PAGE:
It's one of the great debates of our age - one that has divided families, ended friendships, and thoroughly confused people who don't like comics. The eternal question? Which is better - Marvel or DC?
It's a battle that has been raging for decades - going all the way back to the 1930's, back when the two companies weren't even called Marvel and DC, but Timely and National - and one that hasn't shown any signs of settling down since. In fact, the recent rise of both the Marvel and DC Cinematic Universes has arguably brought the debate to a whole new level of prominence, with millions of new fans chiming in with their two cents.
Which, of course, makes it even more fascinating when things like this happen. Y'see:
Ben Affleck - Batman Himself - Just Laid Into Marvel in an Interview
Speaking in the print edition of EW's Comic-Con special, Affleck opened up about what he saw as the key differences between what DC is now putting onto the big screen, and the Marvel movies that have gone before. Specifically, he argued that there are a couple of key ways in which DC's output is noticeably different to Marvel's:
"It is more mythic, it is more grand in that way, and it is a little more realistic...Just by their nature, these films can’t be as funny or as quick or as glib as Marvel movies."
Which...y'know what? Them's fighting words...
So, Wait - What's Affleck Actually Saying?
Well, on the one hand, he's arguing that DC's movies are "more mythic...grand...[and]...more realistic" - which is a perfectly reasonable opinion to hold. After all, Man of Steel was certainly grittier than the average MCU movie (and received its fair share of fan vitriol for it), and what Affleck sees as being mythic or grand is entirely up to him - and rightly so.
It's the other side of his argument, though, that's a little more contentious. Now, on the surface, suggesting that Marvel's movies are funnier and quicker than DC's actually comes across as pretty reasonable - but when it's followed up by describing them as "glib", too, it takes an interesting turn.
Y'see, there's a pretty common trend in Hollywood - one that's long been reflected during awards season - of treating movies that are lighter or funnier as being somehow less worthy than those that are serious. It's why so few comedies and action movies get nominated for Oscars, even in years where they're widely considered to deserve a place - and why an awful lot of people dismiss superhero movies outright without even watching them.
So, when Affleck suggests that Marvel movies are 'glib' - defined by Merriam-Webster as "said or done too easily or carelessly : showing little preparation or thought" - then he's basically just tapping into that long-running dismissal of lighter-hearted movies as being in some way inferior to those that feature tragic deaths, bitter-sweet romances and complex questions of morality.
Or, in other words?
Affleck is Basically Labeling Marvel Movies 'Childish'
Which, of course, he has every right to both think and say - after all, not only is it a free country, but he's also Batman.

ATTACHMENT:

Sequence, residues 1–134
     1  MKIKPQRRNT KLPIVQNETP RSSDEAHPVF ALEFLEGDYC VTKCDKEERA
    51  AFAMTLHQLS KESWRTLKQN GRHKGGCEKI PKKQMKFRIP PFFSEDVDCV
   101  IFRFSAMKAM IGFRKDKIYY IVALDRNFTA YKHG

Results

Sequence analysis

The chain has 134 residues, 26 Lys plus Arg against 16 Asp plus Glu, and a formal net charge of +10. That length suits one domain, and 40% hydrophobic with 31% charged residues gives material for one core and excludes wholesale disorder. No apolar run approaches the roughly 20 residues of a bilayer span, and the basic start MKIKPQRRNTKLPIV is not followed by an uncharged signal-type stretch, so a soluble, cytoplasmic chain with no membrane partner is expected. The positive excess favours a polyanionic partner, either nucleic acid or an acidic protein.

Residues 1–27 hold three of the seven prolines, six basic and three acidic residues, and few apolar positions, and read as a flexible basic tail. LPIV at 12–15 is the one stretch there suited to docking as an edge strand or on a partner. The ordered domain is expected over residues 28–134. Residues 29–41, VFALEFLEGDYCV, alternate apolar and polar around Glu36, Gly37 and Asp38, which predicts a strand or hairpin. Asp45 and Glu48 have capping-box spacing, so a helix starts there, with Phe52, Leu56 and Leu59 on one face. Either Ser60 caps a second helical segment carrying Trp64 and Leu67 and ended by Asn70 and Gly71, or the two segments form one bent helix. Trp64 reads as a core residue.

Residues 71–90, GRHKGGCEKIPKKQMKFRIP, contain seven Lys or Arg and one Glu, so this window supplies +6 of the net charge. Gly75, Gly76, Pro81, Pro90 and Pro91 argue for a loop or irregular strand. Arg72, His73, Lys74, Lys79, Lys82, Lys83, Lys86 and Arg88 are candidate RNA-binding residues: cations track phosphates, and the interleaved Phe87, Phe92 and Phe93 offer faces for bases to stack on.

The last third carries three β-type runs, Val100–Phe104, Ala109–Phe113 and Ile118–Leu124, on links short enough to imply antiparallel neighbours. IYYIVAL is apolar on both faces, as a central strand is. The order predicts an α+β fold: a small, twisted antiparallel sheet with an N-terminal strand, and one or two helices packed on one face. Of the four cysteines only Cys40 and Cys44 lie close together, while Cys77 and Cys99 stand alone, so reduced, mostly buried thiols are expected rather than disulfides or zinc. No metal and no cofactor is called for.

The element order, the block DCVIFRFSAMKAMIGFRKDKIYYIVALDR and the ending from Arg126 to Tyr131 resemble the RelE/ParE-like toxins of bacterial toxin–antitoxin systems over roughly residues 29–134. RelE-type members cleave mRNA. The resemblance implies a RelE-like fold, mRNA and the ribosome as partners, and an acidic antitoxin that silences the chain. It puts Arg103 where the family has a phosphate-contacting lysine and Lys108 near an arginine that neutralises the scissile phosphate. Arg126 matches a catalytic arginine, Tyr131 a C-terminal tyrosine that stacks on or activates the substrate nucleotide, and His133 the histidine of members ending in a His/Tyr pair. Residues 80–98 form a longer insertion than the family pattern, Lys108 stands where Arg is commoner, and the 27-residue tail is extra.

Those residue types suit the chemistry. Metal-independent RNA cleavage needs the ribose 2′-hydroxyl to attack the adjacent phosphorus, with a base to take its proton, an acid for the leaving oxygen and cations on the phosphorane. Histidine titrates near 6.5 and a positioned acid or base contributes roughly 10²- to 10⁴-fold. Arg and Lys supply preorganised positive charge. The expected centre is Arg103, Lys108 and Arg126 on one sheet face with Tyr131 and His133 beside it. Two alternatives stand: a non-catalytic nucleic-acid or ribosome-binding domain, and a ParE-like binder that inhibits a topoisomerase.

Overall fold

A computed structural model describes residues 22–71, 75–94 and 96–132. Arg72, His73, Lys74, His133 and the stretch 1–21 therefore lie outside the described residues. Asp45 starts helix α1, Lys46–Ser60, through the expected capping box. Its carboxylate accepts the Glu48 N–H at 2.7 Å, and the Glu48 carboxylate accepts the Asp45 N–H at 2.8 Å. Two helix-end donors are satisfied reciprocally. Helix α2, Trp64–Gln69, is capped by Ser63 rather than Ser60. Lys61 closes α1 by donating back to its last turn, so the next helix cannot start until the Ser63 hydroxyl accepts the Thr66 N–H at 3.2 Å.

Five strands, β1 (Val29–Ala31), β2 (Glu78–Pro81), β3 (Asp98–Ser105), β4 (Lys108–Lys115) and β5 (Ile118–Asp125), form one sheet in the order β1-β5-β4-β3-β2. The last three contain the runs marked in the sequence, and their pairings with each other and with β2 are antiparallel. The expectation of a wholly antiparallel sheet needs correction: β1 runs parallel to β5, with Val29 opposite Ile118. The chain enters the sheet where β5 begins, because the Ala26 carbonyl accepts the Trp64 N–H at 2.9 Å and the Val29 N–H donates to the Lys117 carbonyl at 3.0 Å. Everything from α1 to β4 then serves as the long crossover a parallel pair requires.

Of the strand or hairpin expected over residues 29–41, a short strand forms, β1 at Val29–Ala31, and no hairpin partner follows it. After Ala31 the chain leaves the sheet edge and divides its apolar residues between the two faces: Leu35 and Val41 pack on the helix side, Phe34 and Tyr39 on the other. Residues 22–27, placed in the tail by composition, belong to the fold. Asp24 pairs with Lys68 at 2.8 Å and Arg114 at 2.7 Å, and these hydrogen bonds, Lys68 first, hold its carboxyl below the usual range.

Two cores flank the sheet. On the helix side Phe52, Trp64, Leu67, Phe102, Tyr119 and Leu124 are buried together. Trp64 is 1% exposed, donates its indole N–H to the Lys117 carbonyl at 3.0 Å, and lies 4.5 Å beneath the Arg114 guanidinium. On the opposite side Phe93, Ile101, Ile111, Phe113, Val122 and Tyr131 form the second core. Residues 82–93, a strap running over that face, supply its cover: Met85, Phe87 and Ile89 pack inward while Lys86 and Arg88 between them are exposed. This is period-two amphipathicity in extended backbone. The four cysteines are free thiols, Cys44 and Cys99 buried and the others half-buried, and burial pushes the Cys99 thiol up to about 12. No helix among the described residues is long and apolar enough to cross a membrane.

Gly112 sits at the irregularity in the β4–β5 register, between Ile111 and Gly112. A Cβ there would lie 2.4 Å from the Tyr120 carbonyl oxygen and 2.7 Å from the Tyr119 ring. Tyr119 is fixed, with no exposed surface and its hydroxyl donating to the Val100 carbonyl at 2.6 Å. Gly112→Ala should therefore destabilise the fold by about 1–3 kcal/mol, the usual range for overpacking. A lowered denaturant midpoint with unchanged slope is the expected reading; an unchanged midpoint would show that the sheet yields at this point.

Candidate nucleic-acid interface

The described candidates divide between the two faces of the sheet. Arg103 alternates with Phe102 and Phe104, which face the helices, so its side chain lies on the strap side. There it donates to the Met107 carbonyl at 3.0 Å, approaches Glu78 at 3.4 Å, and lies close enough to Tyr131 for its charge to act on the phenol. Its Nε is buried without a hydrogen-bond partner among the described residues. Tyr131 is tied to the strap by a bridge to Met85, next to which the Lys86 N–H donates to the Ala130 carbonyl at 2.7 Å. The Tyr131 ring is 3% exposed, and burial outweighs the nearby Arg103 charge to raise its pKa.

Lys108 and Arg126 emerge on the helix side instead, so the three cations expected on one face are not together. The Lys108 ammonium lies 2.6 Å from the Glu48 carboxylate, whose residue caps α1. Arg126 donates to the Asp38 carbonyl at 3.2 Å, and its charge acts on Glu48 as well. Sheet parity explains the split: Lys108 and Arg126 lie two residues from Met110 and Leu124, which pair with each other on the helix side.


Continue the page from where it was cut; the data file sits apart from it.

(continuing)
What's interesting to note, however, is that the balance of which comic-book company is the darker tends to switch around quite a lot. Back when Batman was first introduced, for instance, he was a dark, brooding, criminal-killing vigilante - and then, by the 1950's, he'd become a light-hearted softie with a heart of gold. By the 1960's, it was arguably Marvel who were known for pushing the boundaries of what was possible in a comic-book far more than DC, with the former's challenging of the Comics Code a key step in comics becoming seen as an 'adult' medium.
Similarly, this new era of dark, brooding DC movie heroes comes in stark contrast to the far lighter superheroic offerings Warner Bros. put out back in the 1990s - at a time where the likes of Wolverine and Deadpool were giving Marvel Comics a reputation for being distinctly grim and gritty.
The point of all of which?
It Doesn't Matter Whether Something is Dark or Light - It Matters Whether it's Good
That, ultimately, is why Affleck may well come to regret those comments above. Not because his preferring DC's is wrong - that's simply his opinion, and a valid one at that - but because they seem to imply that one giant branch of comic-book (and comic-book movie) history is somehow lesser than another.
Which, for anyone who's enjoyed - say - both Frank Millers dark and gritty The Dark Knight Returns, and Grant Morrison's timeless, classical All-Star Superman, may well seem a pretty peculiar way of looking at things. One of the greatest things about comic-books, and about comic-book movies, is their capacity to turn both the harsher and the lighter sides of life into great entertainment - often in the space of a few panels or frames.
So, when we argue about which is better, Marvel or DC, we're not actually arguing about which is wrong and which is right, or even whether light or dark is the better way of telling a story. Instead, we're arguing for or against our favorite comics and movies, whatever form they may come in - and long may that continue...
What do you think, then?
Which company is the greatest?